Earwig and the witch (Alfaguara): Studio Ghibli, the great Japanese animation film studio, responsible among others for the mythical films Spirited Away, My Neighbor Totoro or Princess Mononoke, premiered its latest creation, Earwig and the Witch, at the end of April in Spain. If, given the circumstances, you have not been able or wanted to take your eyes to the cinema and they cannot wait for the film to reach a streaming platform, Alfaguara has made available the Diana Wynne Jones novel on which the film is based . Earwig and the witch It has everything you could ask for to hook boys and girls to reading: an orphanage, a witch, an almost mythological being, a talking cat, magic tricks, curses, emotion in abundance and an unforgettable protagonist.
Lulú and Nelsón: Heading to Africa (Alfaguara): The recognizable illustrations by Aurélie Neyret (The Cherry Diaries) give flight and shape to Heading to Africa, the first installment in the Lulu and Nelson saga, to the imagination of French screenwriters Charlotte Girard and Jean-Marie Omont. Through a letter, a granddaughter begins to learn the life story of her grandmother, a little apprentice lion tamer who, after losing her mother and later her lions in a fire, embarks on an improvised journey from Naples to the Apartheid South Africa with the idea of getting a new king of the jungle for his show. All the pieces fit together perfectly and everything exudes quality in this exciting graphic novel that leaves the reader thirsty for a second installment that, luckily, will hit bookstores in September.
Kashtanka (Kalandraka): It is a luxury that publishers like Kalandraka bring literary greats like Antón Chekhov closer to small (and not so small) readers. This work of reading dissemination and the rescue of classics (Kashtanka was published in 1887 and is a story that is read in all Russian schools as initiatory reading) does not always receive the visibility and recognition it deserves. Kashtanka, a story starring a dog endowed with human characteristics such as speech or reasoning, is a marvel; a funny story, an ironic and tender point about fidelity and the indelible mark left on us by the home of which we feel part, no matter how well in other places we are treated so well or even better.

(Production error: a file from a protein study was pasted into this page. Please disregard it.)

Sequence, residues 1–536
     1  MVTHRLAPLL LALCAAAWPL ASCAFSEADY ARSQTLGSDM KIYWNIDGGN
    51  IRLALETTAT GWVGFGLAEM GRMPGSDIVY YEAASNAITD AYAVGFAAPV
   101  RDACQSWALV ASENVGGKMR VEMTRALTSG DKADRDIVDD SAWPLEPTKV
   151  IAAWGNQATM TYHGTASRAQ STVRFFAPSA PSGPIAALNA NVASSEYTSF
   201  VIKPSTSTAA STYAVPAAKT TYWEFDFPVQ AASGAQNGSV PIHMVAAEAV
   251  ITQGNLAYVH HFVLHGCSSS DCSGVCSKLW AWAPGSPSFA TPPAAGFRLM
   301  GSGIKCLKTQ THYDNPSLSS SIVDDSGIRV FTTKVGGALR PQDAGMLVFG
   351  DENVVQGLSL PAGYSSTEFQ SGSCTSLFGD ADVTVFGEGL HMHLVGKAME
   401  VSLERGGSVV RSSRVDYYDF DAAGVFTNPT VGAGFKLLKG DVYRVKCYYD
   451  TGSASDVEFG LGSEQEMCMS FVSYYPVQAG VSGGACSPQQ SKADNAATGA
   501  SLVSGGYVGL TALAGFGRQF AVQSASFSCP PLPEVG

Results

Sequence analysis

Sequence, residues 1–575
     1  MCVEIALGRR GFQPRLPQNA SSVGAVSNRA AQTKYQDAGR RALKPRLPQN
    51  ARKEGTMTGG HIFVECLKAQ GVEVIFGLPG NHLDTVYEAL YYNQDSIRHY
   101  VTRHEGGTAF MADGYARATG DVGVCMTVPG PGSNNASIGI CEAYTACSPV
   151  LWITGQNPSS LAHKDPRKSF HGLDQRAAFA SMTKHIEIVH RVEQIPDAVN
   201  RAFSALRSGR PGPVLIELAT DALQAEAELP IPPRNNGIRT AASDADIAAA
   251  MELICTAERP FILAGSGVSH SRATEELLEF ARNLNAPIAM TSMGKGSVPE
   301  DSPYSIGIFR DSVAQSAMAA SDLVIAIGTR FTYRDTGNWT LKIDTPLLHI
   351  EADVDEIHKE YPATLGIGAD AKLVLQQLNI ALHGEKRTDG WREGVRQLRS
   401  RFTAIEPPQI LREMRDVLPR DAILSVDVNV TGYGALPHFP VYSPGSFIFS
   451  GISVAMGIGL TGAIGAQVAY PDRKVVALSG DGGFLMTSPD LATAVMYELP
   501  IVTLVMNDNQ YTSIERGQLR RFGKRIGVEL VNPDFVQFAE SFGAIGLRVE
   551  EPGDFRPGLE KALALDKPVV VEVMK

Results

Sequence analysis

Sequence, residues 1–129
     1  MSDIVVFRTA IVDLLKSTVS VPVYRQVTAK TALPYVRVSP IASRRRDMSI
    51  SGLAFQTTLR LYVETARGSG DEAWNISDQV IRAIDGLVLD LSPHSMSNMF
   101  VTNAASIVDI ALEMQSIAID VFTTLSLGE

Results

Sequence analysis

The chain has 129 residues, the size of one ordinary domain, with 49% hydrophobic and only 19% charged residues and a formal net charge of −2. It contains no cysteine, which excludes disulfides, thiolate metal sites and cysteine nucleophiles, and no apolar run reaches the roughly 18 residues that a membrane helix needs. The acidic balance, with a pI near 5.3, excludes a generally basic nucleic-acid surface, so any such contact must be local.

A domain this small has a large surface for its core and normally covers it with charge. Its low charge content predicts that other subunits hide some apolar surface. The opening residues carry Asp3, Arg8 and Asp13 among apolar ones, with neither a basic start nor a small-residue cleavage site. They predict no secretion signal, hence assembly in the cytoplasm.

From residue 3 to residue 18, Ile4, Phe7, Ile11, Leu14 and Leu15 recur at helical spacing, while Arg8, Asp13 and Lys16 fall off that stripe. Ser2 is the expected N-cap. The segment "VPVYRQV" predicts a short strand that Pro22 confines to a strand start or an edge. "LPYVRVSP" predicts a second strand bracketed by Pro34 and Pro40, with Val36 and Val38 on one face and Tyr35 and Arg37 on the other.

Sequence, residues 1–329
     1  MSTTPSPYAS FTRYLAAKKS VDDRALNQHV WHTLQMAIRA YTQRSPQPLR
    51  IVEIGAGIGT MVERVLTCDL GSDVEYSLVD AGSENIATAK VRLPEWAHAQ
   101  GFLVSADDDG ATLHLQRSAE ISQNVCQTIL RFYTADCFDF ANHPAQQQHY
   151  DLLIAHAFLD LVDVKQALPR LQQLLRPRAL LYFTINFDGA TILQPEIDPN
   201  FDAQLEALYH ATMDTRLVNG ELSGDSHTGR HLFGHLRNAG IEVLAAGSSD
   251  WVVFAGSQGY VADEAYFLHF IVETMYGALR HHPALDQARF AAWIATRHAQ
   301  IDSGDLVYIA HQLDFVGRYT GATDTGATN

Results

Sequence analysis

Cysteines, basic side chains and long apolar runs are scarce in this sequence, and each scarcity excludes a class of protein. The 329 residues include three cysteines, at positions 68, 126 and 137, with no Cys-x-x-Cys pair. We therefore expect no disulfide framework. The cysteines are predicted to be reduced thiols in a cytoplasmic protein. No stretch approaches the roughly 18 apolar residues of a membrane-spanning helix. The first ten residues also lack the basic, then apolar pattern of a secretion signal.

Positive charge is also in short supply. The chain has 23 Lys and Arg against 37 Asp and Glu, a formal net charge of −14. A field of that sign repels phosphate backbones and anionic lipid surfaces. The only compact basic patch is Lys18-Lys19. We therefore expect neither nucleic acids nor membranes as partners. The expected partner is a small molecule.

The mystery of the salamander (Duomo): Jorn Lier Horst is considered one of the best Nordic authors of black literature. A real merit coming from a region that has become the epicenter of this literary genre on its own merits. Children’s and youth literature, of course, could not be immune to this phenomenon. Horst, who had already taken a look at children’s literature – his extensive series has been published in Spain Detective agency-, starts with The mystery of the Salamander its CLUE series, a bestseller in Europe. CLUE is the acronym for Cecilia, Leo, Une and Egon (Une’s dog), three children between 13 and 11 years old who are involved in a murky spiral of events when a corpse appears floating on the shore of a beach near Pensión la Perla, the hotel overlooking the Norwegian bay that Cecilia’s father runs. Jorn Lier Horst masterfully immerses his brave characters in a universe of clues – better or worse directed -, moral dilemmas and philosophical doubts, and pushes the boys and girls to a frantic reading to discover an outcome that is only the beginning of a series called to last in time.
Click (Maeva Young): Very much in line with the most personal titles of Raina Telgemeier, the North American author Kayla Miller has created with Click a beautiful and profound graphic novel about friendship and the abysses it pushes us into at certain times, especially when we think we don’t fit in with those we consider our friends. Something like this happens to Olivia, the adolescent protagonist of Click, who sees how she is left alone and without acting when her teacher announces the celebration of the annual school festival. Miller perfectly reflects with his drawings the emotional evolution of Olivia, the relationship with her mother – at times overprotective in her praiseworthy desire to avoid her daughter’s sadness – and the appearance of a character in principle secondary, the aunt, who will help his niece to overcome the blockade and to see opportunities where until then he only saw reasons for disappointment.
The Fabulous Adventures of Aurora (Flamboyant): From the union of one of the most brilliant current authors of suspense novels, Douglas Kennedy, and the renowned French cartoonist and scriptwriter Joann Sfar, this past spring it hit bookstores The Fabulous Adventures of Aurora, the first volume of what threatens to be an essential saga for readers between 9 and 12 years old. Aurora, a girl with autism and an extraordinary superpower (she is able to read people’s minds), is the protagonist of this story that, as with all Kennedy’s adult novels, one reads in one breath, unable to lift the eyes of the book. Do not be fooled by its more than 200 pages, do not throw you back. Aurora’s adventures are as addictive as Douglas Kennedy’s writing.